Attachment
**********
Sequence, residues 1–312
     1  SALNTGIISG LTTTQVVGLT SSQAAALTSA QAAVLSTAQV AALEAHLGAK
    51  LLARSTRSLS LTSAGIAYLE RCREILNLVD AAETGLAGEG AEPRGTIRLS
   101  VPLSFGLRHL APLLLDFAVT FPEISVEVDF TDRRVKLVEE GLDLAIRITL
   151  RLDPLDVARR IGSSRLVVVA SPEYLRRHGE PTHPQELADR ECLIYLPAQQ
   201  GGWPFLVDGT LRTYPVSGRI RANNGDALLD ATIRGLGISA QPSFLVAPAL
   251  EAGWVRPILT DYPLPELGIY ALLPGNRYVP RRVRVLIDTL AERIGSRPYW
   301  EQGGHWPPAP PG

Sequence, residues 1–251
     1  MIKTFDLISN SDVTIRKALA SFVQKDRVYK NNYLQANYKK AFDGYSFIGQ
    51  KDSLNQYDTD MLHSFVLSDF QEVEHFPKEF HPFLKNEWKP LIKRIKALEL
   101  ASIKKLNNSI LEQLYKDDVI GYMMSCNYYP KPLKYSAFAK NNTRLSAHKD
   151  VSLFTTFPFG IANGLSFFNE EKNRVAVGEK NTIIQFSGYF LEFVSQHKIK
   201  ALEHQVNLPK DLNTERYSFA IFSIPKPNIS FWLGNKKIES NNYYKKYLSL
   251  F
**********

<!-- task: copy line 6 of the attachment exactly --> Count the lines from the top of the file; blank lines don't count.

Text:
   201  GGWPFLVDGT LRTYPVSGRI RANNGDALLD ATIRGLGISA QPSFLVAPAL